By being open to adopting a child of a different race, the range of expectant parents you can be matched with is broadened. However, you should only list that you are open to transracial adoption if this is something you truly want, not solely to decrease your wait time. You will come across a question that asks, “In what sections of your APQ do you feel you are the most flexible?” If adopting a child of another race is something you feel you are very open to, this can help drastically increase your likelihood of being matched with an expectant parent in a shorter amount of time. Once again, only answer in this way if this is what you actually want.
Another question you will likely see on your APQ is, “If you are open to adopting a child of another race(s), how have you educated yourself about transracial adoption or what information do you think will be important for you to best prepare for the task?” This is a very important question to consider before completing this section of your APQ.
While transracial adoption and transracial families are more common than ever, you as an adoptive parent will need to consistently educate yourself on the racial and cultural heritage of your adopted child and the way you will approach the complexities of race. Racial awareness and education is not a one-time task, but an ongoing learning process. This might seem daunting at first, but your adoption specialist will be more than happy to help prepare you for these conversations and how you can help your child thrive.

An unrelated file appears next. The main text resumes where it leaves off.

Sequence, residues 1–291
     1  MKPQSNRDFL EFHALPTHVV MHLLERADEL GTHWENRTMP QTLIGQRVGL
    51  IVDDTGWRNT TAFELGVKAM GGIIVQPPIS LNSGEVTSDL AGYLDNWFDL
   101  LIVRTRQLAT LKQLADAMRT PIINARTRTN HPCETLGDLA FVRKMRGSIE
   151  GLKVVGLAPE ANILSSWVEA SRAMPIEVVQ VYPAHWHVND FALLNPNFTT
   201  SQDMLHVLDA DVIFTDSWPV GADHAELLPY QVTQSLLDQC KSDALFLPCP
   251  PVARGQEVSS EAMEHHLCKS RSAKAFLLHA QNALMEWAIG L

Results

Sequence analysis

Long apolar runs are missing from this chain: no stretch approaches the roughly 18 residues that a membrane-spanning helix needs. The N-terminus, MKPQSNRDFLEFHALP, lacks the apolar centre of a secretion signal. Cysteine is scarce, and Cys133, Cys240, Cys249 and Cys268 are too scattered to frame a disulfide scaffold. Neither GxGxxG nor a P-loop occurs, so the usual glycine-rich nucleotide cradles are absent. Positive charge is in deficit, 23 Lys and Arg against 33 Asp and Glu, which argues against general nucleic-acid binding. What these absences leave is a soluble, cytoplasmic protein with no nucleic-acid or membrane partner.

One couple realized after initially filling out their APQ that expanding their preferences could be beneficial to their adoption experience. The adoptive mother, Romney had this piece of advice to offer other hopeful adoptive parents.
“My piece of advice is to really consider your Adoption Planning Questionnaire, or APQ. Looking back, I realized that our first attempt at our APQ pretty much matched our own family histories. I think this is fairly typical, but can be extremely limiting, if not a little vain,” she said. “Asking an OB/GYN or a pediatrician for guidance is a start, but likely they don’t have the answers you really need. We met with a genetic counselor, and that truly opened our minds and subsequently our APQ. I highly recommend this course of action.”
Talking About Transracial Adoption [5 Ways to be an Ally]
There’s no doubt that you will love a transracially adopted child with all your heart, however, it’s important not to fall into the headspace of raising them as if you “don’t see color.” While it’s important to embrace the idea of family transcending biology and that you’ll love your child just the same whether they look like you or not, not acknowledging their racial and cultural differences can be damaging.